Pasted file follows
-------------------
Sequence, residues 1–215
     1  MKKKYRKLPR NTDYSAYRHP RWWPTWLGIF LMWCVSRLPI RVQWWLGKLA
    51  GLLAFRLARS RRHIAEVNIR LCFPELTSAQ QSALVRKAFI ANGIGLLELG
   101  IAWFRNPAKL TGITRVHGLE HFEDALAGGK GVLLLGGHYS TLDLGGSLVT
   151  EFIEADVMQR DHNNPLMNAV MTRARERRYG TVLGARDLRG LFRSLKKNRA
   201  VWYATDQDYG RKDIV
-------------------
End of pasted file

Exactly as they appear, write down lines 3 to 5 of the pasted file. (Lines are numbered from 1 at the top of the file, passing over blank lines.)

    51  GLLAFRLARS RRHIAEVNIR LCFPELTSAQ QSALVRKAFI ANGIGLLELG
   101  IAWFRNPAKL TGITRVHGLE HFEDALAGGK GVLLLGGHYS TLDLGGSLVT
   151  EFIEADVMQR DHNNPLMNAV MTRARERRYG TVLGARDLRG LFRSLKKNRA